Just because a woman is pregnant does not usually mean that she should stop any physical activity. Equally, it does not mean that she cannot start physical activity. For most women, at least 30 minutes of physical activity every day is recommended as part of living a healthy lifestyle.
If one is regularly physically active during pregnancy, it can have a number of benefits, both for the mother and her baby. Regular physical activity has been shown to:
- Help the mother keep a healthy weight during and after the pregnancy.
- Help to sleep better and feel less tired.
- Reduce chances of developing varicose veins.
- Reduce chances of swollen feet, ankles or hands.
- Reduce the chance and severity of anxiety or depression.
- Help prevent back pain.
- Reduce the risk of problems with high blood pressure during pregnancy.
- Reduce the risk of developing gestational diabetes.
- Regular exercise and physical activity may help to improve the control of diabetes.
- It may shorten labour and can make the baby more resilient during the birth process.
One needs to be careful about the type of physical activity one chooses so as not to risk any harm to the mother or her baby.
Given below is a trimester-by-trimester guide to exercise.
- The mother can pretty much continue doing exactly what she was doing before pregnancy.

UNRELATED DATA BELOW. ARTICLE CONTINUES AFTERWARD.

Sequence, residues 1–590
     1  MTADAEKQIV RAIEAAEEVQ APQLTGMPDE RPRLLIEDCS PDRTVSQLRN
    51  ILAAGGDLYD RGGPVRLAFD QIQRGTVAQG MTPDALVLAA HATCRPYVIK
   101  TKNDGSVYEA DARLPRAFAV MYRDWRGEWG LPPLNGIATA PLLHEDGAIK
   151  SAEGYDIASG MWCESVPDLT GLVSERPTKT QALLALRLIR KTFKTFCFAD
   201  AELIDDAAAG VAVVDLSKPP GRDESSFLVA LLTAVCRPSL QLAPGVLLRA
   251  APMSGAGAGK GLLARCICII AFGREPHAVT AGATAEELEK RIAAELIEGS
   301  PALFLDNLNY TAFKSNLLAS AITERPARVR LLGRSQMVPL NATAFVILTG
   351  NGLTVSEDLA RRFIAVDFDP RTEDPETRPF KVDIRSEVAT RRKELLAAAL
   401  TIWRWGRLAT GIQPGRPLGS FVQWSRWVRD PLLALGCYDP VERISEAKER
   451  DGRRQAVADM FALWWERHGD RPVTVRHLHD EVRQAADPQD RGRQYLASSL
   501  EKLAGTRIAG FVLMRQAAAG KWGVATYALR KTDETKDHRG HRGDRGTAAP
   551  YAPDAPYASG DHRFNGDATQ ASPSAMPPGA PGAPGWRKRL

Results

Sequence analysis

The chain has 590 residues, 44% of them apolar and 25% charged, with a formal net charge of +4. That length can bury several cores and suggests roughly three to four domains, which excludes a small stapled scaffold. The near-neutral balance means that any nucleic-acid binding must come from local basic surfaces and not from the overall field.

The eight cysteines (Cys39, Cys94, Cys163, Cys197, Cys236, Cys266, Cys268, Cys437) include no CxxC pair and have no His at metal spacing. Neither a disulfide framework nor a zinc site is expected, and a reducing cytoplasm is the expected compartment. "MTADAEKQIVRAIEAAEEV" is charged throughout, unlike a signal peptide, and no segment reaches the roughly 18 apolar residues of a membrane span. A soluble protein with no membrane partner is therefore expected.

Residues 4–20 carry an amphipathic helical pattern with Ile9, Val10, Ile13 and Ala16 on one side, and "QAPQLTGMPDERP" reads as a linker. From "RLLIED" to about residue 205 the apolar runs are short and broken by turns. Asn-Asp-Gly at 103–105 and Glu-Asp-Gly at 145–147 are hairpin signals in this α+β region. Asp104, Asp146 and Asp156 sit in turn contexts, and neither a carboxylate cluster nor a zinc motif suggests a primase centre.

- One can get involved in parental yoga or Pilates class.
- If the mother feels sluggish, she should try decreasing either intensity or the duration of the workout.
- Cardio intensity should be cut back as the heart is starting to work harder to circulate the blood.
- One should avoid inversions.
- Cut down on cycling and switch to stationary bike as the growing belly can make balancing on a bicycle tricky.
- Since the joints are vulnerable, picking heavy weights is a big no-no.
- Free-weight exercises can be done seated as it can be painful if the back is not supported.
- Swimming is a great way to exercise and the mother will feel wonderfully weightless in the water and will not stress the joints.
Once the mother reaches 16 weeks of pregnancy, she should skip exercises that involve lying flat on her back or standing in one place for a long time. Both can reduce blood flow to the baby.
However there are a few things that one should watch out for. One should stop exercising and seek urgent medical attention if the mother develops:
- Excessive shortness of breath.
- Palpitations or chest pains
- Dizziness or feeling faint
- Painful contractions, signs of labour or any leakage of amniotic fluid.
- Vaginal bleeding
- Excessive tiredness
- Abdominal, and/or back pain
- Severe headache
- Calf pain or swelling
- Concerns that the baby is not moving or moving less.
It is imperative to listen to the body when exercising and slow down or stop if one is feeling tired or unwell. Brisk walking, swimming and cycling on stationary bike are some good and safe forms of exercise, as long as one does not overdo it.